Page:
Renal failure refers to temporary or permanent damage to the kidneys that results in loss of normal kidney function. There are two different types of renal failure—acute and chronic. Acute renal failure has an abrupt onset and is potentially reversible.

Conditions that may lead to acute or chronic renal failure may include, but are not limited to, the following:

  • Decreased blood flow to the kidneys for a period of time. This may occur from blood loss, surgery, or shock.
  • An obstruction or blockage along the urinary tract.
  • Hemolytic uremic syndrome—usually caused by an E. coli infection, kidney failure develops as a result of obstruction to the small functional structures and vessels inside the kidney.
  • Ingestion of certain medications that may cause toxicity to the kidneys.
  • Glomerulonephritis—a type of kidney disease that involves glomeruli. During glomerulonephritis, the glomeruli become inflamed and impair the kidney's ability to filter urine.
  • Any condition that may impair the flow of oxygen and blood to the kidneys such as cardiac arrest.

What are the symptoms of acute renal failure?

The symptoms for acute and chronic renal failure may be different. The following are the most common symptoms of acute and chronic renal failure. However, each child may experience symptoms differently.

Acute symptoms may include:
(Symptoms of acute renal failure depend largely on the underlying cause.)

  • Hemorrhage
  • Fever
  • Rash
  • Bloody diarrhea
  • Severe vomiting
  • Abdominal pain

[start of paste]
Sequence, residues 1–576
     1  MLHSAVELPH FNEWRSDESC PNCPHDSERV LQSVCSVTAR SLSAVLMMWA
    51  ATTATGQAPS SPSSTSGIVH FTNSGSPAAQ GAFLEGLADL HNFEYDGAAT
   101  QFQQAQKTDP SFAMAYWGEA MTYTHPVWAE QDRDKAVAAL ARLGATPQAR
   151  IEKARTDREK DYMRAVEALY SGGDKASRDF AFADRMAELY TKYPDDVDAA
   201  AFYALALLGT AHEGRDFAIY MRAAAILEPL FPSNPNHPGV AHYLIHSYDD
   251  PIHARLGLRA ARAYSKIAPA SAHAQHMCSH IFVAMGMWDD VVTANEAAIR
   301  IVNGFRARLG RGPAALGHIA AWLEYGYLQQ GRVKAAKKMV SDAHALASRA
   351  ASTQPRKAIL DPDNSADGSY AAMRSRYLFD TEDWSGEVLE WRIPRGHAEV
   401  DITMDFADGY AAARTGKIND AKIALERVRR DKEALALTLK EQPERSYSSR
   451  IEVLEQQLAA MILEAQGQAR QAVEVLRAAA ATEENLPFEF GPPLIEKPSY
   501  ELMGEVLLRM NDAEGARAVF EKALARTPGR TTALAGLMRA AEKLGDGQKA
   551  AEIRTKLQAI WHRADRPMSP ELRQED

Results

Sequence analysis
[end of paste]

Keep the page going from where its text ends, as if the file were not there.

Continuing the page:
• No urine output or high urine output
  • History of recent infection
  • Pale skin
  • History of taking certain medications
  • History of trauma
  • Swelling of the tissues
  • Inflammation of the eye
  • Detectable abdominal mass
  • Exposure to heavy metals or toxic solvents

What is the treatment for acute renal failure?

Specific treatment for renal failure will be determined by your child's physician based on:

  • Your child's age, overall health, and medical history
  • The extent of the disease
  • The type of disease (acute or chronic)
  • Your child's tolerance for specific medications, procedures, or therapies
  • Expectations for the course of the disease
  • Your opinion or preference

Treatment of acute renal failure depends on the underlying cause. Treatment may include:

  • Hospitalization
  • Administration of intravenous (IV) fluids in large volumes (to replace depleted blood volume)
  • Diuretic therapy or medications (to increase urine output)
  • Close monitoring of important electrolytes such as potassium, sodium, and calcium
  • Medications (to control blood pressure)
  • Specific diet requirements

In some cases, children may develop severe electrolyte disturbances and toxic levels of certain waste products normally eliminated by the kidneys. Children may also develop fluid overload. Dialysis may be indicated in these cases.

For more information or to schedule an appointment, call 314.454.5437 or 800.678.5437 or email us.